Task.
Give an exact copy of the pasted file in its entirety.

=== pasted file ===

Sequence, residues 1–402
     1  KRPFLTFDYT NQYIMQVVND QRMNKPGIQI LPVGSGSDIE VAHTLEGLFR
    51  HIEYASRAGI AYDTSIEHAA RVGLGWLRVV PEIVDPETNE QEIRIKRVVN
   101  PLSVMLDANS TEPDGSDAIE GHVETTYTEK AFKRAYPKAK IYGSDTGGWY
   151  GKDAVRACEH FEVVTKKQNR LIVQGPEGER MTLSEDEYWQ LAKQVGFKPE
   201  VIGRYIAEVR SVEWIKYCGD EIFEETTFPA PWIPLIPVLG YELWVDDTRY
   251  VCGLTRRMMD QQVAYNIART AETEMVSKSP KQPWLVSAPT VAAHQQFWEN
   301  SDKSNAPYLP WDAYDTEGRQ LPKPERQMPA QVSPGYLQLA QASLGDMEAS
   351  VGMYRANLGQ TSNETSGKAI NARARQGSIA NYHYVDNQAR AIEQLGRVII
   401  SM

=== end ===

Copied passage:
Sequence, residues 1–402
     1  KRPFLTFDYT NQYIMQVVND QRMNKPGIQI LPVGSGSDIE VAHTLEGLFR
    51  HIEYASRAGI AYDTSIEHAA RVGLGWLRVV PEIVDPETNE QEIRIKRVVN
   101  PLSVMLDANS TEPDGSDAIE GHVETTYTEK AFKRAYPKAK IYGSDTGGWY
   151  GKDAVRACEH FEVVTKKQNR LIVQGPEGER MTLSEDEYWQ LAKQVGFKPE
   201  VIGRYIAEVR SVEWIKYCGD EIFEETTFPA PWIPLIPVLG YELWVDDTRY
   251  VCGLTRRMMD QQVAYNIART AETEMVSKSP KQPWLVSAPT VAAHQQFWEN
   301  SDKSNAPYLP WDAYDTEGRQ LPKPERQMPA QVSPGYLQLA QASLGDMEAS
   351  VGMYRANLGQ TSNETSGKAI NARARQGSIA NYHYVDNQAR AIEQLGRVII
   401  SM